MARY CLARE JALONICK
WASHINGTON (AP) -
Senate Republicans on Thursday needed Vice President Mike Pence to break a
tie on legislation to reverse an Obama administration rule protecting funds
for Planned Parenthood and other family planning providers.
The GOP was forced
to keep a procedural vote open for just over an hour after two Republicans
senators, Alaska's Lisa Murkowski and Maine's Susan Collins, voted against
moving ahead on the measure. During that time, the GOP got Pence to the
Senate to break a 50-50 tie and cast the deciding vote.
He previously broke
a tie on the nomination of Betsy DeVos to be education secretary.
A final vote on the
bill is expected later Thursday, when Pence's vote likely will be needed
administration finalized the rule just a few weeks before President Donald
Trump was inaugurated. It would bar states from denying federal family
planning funds to organizations like Planned Parenthood that also perform
The rule said that
a state cannot deny funding to clinics for reasons unrelated to their
ability to provide basic family planning services. Although abortion is a
legal medical procedure, federal dollars cannot be used to pay for it,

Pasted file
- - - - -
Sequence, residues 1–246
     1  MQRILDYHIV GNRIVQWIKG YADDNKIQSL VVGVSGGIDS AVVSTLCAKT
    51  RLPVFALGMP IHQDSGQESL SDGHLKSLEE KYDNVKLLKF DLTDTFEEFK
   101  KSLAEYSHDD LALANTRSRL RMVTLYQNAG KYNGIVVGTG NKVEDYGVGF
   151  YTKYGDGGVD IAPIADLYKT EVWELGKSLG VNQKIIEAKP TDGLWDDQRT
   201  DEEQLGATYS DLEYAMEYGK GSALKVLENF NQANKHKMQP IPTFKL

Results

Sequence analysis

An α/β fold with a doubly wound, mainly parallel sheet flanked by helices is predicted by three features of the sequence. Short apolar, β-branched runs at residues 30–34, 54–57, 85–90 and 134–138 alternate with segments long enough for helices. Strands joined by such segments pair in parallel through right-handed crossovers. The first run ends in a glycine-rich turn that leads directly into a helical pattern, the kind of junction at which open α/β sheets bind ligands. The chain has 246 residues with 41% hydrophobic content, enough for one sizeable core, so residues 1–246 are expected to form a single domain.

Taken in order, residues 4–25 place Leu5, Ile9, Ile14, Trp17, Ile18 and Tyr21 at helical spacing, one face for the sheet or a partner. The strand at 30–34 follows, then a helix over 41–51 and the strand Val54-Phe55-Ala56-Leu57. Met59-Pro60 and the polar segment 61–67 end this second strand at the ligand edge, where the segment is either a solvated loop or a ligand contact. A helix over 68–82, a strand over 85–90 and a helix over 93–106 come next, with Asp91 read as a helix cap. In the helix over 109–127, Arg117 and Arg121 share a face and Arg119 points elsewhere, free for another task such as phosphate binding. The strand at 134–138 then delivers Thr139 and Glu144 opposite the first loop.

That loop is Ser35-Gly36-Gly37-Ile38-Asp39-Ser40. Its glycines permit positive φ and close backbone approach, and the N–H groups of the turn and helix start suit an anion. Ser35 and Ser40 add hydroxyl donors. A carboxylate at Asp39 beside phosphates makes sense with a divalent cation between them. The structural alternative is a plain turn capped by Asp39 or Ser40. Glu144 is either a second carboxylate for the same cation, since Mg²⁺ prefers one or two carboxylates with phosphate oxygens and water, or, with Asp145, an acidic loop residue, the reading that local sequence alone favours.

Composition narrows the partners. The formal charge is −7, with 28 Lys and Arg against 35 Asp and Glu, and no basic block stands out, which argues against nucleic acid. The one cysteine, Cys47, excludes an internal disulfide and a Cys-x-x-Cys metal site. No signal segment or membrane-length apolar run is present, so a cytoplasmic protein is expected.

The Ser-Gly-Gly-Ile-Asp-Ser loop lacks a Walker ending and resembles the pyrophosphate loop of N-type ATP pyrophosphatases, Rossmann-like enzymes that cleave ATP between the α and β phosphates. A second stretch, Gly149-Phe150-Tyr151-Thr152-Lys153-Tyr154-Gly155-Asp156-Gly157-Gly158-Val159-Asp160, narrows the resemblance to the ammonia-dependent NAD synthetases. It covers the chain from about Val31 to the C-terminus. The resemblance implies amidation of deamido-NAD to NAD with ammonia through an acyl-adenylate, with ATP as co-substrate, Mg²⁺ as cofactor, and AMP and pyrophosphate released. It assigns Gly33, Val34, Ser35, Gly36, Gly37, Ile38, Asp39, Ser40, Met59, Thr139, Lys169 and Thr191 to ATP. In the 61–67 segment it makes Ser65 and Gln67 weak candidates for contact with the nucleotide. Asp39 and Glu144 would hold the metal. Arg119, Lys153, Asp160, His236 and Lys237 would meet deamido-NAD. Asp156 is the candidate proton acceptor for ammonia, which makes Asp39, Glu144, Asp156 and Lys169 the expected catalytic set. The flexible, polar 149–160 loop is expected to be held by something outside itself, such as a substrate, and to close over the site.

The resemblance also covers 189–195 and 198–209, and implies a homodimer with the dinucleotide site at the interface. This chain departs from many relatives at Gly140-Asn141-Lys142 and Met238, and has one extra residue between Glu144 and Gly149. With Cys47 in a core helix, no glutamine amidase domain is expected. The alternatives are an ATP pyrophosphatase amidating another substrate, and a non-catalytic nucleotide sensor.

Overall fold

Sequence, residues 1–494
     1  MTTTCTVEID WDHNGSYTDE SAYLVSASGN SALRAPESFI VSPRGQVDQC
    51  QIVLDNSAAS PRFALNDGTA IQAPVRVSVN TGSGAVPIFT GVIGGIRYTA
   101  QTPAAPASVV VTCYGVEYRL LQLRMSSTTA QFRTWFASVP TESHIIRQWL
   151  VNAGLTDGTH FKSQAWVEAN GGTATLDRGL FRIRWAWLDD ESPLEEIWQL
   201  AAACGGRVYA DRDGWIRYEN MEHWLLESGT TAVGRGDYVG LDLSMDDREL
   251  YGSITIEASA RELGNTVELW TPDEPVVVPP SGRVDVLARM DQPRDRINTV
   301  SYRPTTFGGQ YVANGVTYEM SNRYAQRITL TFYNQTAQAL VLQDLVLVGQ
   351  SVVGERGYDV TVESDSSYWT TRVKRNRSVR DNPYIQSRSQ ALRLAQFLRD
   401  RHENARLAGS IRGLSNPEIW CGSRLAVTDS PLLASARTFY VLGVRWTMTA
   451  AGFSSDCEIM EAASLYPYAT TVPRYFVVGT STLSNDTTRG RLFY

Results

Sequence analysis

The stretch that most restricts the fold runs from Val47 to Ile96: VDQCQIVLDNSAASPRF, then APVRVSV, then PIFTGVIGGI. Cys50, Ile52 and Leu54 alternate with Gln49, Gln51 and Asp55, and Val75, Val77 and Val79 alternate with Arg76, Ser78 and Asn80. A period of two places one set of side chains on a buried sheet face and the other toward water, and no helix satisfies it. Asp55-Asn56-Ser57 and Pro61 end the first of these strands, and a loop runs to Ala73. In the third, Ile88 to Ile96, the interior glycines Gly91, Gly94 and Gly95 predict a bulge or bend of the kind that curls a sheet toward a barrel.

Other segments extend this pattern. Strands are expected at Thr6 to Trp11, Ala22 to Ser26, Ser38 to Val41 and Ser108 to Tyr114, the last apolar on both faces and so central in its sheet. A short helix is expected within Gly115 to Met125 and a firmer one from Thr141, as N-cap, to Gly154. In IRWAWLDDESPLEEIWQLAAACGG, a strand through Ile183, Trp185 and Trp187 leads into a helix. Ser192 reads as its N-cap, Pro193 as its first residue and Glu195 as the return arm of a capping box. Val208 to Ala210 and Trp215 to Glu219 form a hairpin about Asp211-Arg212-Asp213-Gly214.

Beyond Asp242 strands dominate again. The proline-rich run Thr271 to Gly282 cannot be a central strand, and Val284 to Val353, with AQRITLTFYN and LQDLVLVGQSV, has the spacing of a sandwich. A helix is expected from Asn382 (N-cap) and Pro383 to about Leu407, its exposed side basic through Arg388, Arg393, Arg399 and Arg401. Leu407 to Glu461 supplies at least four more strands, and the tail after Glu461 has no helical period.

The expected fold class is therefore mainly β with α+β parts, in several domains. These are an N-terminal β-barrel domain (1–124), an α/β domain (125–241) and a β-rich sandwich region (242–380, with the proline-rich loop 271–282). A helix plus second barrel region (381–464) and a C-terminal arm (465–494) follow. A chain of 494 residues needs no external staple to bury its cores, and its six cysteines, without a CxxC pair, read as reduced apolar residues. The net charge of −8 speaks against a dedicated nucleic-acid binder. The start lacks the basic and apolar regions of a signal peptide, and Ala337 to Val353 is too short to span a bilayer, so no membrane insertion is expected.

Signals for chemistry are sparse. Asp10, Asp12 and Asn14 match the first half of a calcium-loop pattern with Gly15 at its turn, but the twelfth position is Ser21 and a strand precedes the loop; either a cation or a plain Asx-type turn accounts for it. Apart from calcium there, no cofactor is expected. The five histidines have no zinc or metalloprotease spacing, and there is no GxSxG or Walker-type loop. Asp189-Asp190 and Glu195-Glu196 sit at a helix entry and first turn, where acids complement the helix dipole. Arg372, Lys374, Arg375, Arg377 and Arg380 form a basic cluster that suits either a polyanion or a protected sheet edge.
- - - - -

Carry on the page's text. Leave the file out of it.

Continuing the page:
except in restricted circumstances.
Congress is now trying to reverse the rule using the Congressional Review
Act, which lets lawmakers undo regulations enacted in the last months of the
Obama administration with a majority vote. The House passed its version of
the measure in February.
Under Senate rules,
the vice president can cast tie breaking votes. Pence broke his first tie on
the nomination of Education Secretary Betsy DeVos, when the same two
Republican senators, Collins and Murkowski, voted against her. There are 52
Republicans in the Senate.
After the vote,
Washington Sen. Patty Murray said Republicans "didn't listen to women across
the country who made it clear that restricting women's access to the full
range of reproductive care is unacceptable."
Murray is the top
Democrat on the Senate Health, Education, Labor and Pensions Committee.
President Joe Biden, who served under President Barack Obama for eight
years, never cast a tie-breaking vote.